mortgage allocated to your shares may be deductible. The co-op corporation notifies shareholders of the dollar
amounts of these allocations annually. See your tax advisor regarding tax deductibility of interest and real estate
The common charges are the costs associated with the operation of the building, distinct from the costs of your
apartment. These charges may include payments on the building’s underlying mortgage, real estate taxes, water and
sewer fees, fuel costs, utilities for the common areas, salaries for building employees, insurance and the other
expenses of operating the building. These costs are apportioned to each shareholder as maintenance fees, usually
payable to the corporation on a monthly basis. The corporation then pays the bills.
What you should know about unsold shares and sponsor-ownership
When a structure is built as a cooperative or a converted rental, the builder or converter is known as the sponsor.
Initially, the sponsor owns all of the shares in the cooperative. The sponsor then starts selling shares for apartments
Owning a Co-op
Questions that you should consider prior to purchasing
The sponsor continues to own all unsold shares. The more unsold shares
the sponsor holds, the more control the sponsor has over the physical and financial management of the building. It
is also possible that the sponsor pledged the unsold shares as collateral for the underlying mortgage, so that if the
sponsor runs into financial difficulties the shares become the property of the lender and not the remaining
shareholders. Majority ownership by the sponsor does not produce a true cooperative and may not be in the best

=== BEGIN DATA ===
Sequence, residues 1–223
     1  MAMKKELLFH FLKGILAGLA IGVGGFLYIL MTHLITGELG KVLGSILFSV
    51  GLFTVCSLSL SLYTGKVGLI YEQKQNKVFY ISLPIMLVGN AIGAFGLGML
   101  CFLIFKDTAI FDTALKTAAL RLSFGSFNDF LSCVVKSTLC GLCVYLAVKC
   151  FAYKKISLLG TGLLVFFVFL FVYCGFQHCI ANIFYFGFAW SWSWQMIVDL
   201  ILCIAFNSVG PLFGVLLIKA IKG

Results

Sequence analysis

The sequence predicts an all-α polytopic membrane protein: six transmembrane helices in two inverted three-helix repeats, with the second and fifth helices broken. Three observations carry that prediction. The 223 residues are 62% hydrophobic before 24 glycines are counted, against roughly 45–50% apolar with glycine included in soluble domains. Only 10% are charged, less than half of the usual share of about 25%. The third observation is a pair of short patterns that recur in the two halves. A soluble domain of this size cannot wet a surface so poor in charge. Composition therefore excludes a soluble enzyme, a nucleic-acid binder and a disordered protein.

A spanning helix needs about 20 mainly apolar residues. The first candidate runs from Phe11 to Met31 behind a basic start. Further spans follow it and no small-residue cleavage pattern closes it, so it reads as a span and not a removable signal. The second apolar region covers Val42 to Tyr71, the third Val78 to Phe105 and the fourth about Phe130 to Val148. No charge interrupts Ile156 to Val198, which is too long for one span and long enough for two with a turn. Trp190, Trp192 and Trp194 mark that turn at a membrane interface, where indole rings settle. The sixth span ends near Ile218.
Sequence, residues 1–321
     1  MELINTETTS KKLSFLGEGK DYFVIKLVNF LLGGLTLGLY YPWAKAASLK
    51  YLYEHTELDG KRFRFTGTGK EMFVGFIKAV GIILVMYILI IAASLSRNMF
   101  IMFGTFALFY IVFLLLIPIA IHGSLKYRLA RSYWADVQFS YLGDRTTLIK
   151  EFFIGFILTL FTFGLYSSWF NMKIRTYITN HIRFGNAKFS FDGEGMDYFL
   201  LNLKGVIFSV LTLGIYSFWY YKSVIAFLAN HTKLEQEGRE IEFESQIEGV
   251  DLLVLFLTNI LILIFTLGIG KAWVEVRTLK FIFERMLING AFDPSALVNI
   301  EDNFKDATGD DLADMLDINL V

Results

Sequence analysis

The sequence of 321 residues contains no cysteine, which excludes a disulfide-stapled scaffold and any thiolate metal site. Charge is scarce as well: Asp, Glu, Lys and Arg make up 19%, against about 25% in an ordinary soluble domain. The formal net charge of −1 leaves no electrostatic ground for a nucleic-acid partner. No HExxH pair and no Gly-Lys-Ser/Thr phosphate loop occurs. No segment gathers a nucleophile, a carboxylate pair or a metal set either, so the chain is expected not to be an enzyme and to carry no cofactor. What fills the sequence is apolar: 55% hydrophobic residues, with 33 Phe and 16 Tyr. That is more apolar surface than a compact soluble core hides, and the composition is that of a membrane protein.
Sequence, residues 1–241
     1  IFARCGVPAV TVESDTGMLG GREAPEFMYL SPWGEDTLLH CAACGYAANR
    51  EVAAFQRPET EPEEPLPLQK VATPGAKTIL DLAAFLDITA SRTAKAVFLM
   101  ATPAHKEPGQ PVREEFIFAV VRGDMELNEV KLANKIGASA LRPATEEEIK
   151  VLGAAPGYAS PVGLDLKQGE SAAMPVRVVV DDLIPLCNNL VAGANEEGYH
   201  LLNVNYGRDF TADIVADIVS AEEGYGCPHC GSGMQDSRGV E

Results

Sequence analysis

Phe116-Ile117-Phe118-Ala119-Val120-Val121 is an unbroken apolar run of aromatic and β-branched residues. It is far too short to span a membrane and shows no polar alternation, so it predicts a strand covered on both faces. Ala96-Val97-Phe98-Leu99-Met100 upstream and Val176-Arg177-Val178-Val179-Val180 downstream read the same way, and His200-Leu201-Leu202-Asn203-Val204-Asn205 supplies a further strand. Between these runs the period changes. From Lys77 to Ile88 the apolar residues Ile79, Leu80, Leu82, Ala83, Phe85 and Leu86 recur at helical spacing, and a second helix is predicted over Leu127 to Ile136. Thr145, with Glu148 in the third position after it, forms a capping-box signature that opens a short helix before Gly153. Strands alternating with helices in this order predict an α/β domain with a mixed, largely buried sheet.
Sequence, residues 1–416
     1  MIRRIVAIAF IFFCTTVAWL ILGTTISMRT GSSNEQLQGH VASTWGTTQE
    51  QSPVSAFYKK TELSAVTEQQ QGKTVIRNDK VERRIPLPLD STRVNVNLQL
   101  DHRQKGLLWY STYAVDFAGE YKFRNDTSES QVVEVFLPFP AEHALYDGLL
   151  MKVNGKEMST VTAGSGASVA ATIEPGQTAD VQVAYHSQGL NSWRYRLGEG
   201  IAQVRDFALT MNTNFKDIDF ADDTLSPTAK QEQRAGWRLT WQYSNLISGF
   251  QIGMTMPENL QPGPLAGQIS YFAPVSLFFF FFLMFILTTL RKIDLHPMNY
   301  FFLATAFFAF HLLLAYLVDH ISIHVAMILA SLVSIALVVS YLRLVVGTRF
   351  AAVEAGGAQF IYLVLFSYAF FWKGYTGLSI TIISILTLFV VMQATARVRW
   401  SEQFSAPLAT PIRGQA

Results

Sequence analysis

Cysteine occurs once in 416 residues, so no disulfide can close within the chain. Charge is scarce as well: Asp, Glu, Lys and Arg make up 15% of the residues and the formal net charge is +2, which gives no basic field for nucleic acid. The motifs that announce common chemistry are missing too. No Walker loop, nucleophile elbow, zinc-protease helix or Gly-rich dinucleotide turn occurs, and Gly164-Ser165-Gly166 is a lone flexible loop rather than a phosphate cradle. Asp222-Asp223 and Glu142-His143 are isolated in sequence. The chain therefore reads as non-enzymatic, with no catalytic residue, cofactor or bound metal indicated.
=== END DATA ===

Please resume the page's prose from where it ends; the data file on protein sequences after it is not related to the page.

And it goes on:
interest of a purchaser. You should find out the status of the shares from the managing agent or the Co-op board.
Ask questions like, how many shares are owned by the sponsor? How many of the apartments are owner occupied?
If the building started out as a co-op or was converted a long time ago, chances are that all or most of the
apartments are owner occupied or occupied by tenants who moved in after the conversion period. Under these
circumstances, shareholders’ maintenance payments and tenant rents can be set to meet the financial obligations of
the building. If the building was originally a rental with rent controlled or rent stabilized tenants, some of these tenants may still
be in residence. Although their apartments may be owned by the sponsor or other shareholders, co-op conversion
laws generally permit rent regulated tenants to occupy the apartment for as long as they choose under the same
terms and conditions of their original leases. Their rent increases are determined by city and state agencies. Under
these circumstances, the shareholder of an apartment occupied by a rent regulated tenant is obligated to pay
maintenance fees to the co-op even if the tenant’s regulated rent does not meet the maintenance charge.
If you are considering buying into a building in which there are rent regulated tenants, you should know how many
and how the rents compare with the maintenance charges.
The Financial Condition of the buidling
When you become a shareholder, you share the assets and the liabilities of the whole building. For example, when
you buy shares allocated to one 2-bedroom apartment in a 4-unit building with three other 2-bedroom apartments all
with the same number of shares, you are buying ¼ of that building – 25% of its assets and 25% of its debt. If one of